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WHAT CAN YOUR SPOUSE REACH IN A DIVORCE?

WHAT CAN YOUR SPOUSE REACH IN A DIVORCE?

August 15, 2016

Authored by: Stacie J. Rottenstreich and Edward Peck

 

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In the recent decision, Pfannenstiehl v. Pfannenstiehl, the Massachusetts Judicial Supreme Court overruled the appeals court decision and concluded that assets held in a discretionary trust created by a third party, where the husband is but one potential beneficiary of the trust, is not a marital asset to be divided on divorce.

Filing Trust Modification As Public Record Started Statute Of Limitations

December 23, 2015

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Fiduciaries should always be thinking of ways to get the statute of limitations started.  Why have a claim hanging over your head for many years, when you can take actions that shorten the time in which a claim may be brought against you?  Typically, we think of getting that time running in terms of sending regular account statements to the trust beneficiaries.  In Domino v. Braswell, the Court of Appeals of Mississippi got us thinking about another way to start the clock running:  by publicly recording documents.

A grantor, the trustees, and the beneficiaries of a trust modified the trust to correct a clerical error.  The trust modification was filed as a public record in 1997.  After the grantor died, in 2013, a complaint was filed challenging the modification.  In Mississippi there is a ten-year statute of limitations for

How Property Was Titled Did Not Control Disposition Of Asset

December 9, 2015

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A deed transfers a lake cottage to a revocable living trust.  Title to the cottage is still in the name of that trust when the grantors die.  The cottage gets distributed according to the terms of that trust, right?  According to the Wisconsin Court of Appeals in Simon v. Sheedy, maybe not.  It depends whether someone can show that the grantors wanted the asset disposed of in another way.

Patrick and Margaret Sheedy created a revocable living trust in 1995.  They deeded their lake cottage along with some other properties to that trust.  Under the terms of the 1995 trust, the cottage would essentially end up being jointly owned by the Sheedys’ children.  In 2004, Patrick and Margaret created another revocable trust, the terms of which were different from the 1995 trust.  In particular, the cottage was to be distributed to only one of the

Failure To Fulfill Trust Requirements As Grounds For Trust Termination

November 11, 2015

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Trust instruments occasionally permit the trustees – sometimes with or without the beneficiaries’ consent – to terminate the trust early under certain circumstances.  Why continue a trust or be forced to go into court when, for example, its purpose has been fulfilled?  The Elaine Radlick-Trupp Revocable Trust gave the trustees broad authority to terminate the trust.  The trustees could discontinue the trust when they determined discontinuance to be justified, when it was not economically sound to continue, or when they determined that termination was in the best interests of the beneficiaries because of unforeseen circumstances.  In the Michigan case of Trupp v. Naughton (unpublished), several of the co-trustees of the trust may have inadvertently triggered the termination provision through their actions.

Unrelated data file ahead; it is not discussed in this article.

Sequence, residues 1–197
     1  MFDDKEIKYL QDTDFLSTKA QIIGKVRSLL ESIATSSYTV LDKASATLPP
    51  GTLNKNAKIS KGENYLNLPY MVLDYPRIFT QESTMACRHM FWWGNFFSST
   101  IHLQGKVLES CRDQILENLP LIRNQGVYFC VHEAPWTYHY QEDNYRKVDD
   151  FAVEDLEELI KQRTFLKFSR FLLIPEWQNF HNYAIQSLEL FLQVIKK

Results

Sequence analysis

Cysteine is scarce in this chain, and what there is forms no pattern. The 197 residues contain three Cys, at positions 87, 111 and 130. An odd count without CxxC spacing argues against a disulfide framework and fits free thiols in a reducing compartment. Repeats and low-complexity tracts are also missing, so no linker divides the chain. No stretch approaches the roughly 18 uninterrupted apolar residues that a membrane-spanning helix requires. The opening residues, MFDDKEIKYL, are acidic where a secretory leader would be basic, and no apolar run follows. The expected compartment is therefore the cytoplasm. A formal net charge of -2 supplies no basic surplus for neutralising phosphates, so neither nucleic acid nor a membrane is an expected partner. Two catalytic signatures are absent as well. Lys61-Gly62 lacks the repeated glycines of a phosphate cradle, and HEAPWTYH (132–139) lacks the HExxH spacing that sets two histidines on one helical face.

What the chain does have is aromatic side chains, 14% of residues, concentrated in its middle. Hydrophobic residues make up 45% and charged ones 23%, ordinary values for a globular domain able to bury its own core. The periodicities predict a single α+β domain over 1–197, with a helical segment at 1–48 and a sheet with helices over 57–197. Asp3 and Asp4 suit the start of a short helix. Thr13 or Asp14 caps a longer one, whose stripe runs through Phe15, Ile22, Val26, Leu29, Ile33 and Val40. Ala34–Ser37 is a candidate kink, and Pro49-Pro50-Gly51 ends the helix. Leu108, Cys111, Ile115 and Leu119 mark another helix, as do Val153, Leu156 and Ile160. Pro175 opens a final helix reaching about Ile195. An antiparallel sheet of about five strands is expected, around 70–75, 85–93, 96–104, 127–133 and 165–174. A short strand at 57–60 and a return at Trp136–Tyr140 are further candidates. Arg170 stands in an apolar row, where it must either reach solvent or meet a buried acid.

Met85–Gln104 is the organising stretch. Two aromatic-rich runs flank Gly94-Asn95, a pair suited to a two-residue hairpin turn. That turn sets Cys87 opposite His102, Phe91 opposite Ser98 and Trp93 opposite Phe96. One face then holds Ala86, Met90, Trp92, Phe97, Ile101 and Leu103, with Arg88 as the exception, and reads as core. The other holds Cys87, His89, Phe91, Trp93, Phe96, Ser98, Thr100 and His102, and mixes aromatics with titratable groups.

The trust contained two real properties and we will focus on one – the cottage.  Three of Elaine’s children were beneficiaries

Calling Captain Obvious?

Calling Captain Obvious?

November 5, 2015

Authored by: Kathy Sherby and Stephanie Moll

 

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With some minor exceptions, the facts are the same in PLR 201525002& PLR 201525003. In these PLRs, the Grantor transferred funds to an irrevocable trust for the Grantor’s own benefit and the benefit of several charities. In each case, the trust was created in a state other than the state of residence of the Grantor. In addition to the Trustee, each trust had an Investment Advisor, a Distribution Advisor, a Charity Distribution Advisor and a Trust Protector, none of whom were trust beneficiaries, except that the Charity Distribution Advisor was the Grantor’s spouse who was a potential appointee.

The Distribution Advisor had the power to direct the Trustee as to whether to make Quarterly Distributions, Support Distributions and Special Contingent Distributions to the Grantor, and also had the power to direct the

Federal Courts Don’t Want To Hear Your Domestic Disputes Involving Trusts

October 29, 2015